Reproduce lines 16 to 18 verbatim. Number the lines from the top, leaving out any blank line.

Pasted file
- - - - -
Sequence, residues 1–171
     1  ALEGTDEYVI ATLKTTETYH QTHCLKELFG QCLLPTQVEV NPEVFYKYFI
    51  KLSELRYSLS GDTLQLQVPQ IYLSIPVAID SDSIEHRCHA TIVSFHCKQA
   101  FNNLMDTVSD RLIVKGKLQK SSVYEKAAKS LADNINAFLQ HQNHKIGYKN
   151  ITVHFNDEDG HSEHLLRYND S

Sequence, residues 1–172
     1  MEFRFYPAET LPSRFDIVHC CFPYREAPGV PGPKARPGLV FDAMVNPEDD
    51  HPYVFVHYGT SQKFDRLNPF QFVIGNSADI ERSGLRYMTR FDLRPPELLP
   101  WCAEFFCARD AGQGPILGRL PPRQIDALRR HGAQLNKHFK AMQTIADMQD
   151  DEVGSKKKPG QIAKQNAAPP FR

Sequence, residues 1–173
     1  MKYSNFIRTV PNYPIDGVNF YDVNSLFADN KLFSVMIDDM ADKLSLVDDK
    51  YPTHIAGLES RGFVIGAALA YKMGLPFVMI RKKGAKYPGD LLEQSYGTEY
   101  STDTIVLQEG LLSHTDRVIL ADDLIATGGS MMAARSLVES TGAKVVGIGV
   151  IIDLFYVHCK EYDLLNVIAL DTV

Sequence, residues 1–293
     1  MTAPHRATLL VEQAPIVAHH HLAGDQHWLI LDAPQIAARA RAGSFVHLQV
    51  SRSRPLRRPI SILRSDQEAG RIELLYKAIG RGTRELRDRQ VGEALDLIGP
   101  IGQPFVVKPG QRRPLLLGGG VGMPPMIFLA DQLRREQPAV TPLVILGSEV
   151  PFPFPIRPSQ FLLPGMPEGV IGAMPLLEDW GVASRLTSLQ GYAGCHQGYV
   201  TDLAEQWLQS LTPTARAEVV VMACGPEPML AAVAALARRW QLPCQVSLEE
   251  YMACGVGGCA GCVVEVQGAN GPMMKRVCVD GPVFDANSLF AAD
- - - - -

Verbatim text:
Sequence, residues 1–293
     1  MTAPHRATLL VEQAPIVAHH HLAGDQHWLI LDAPQIAARA RAGSFVHLQV
    51  SRSRPLRRPI SILRSDQEAG RIELLYKAIG RGTRELRDRQ VGEALDLIGP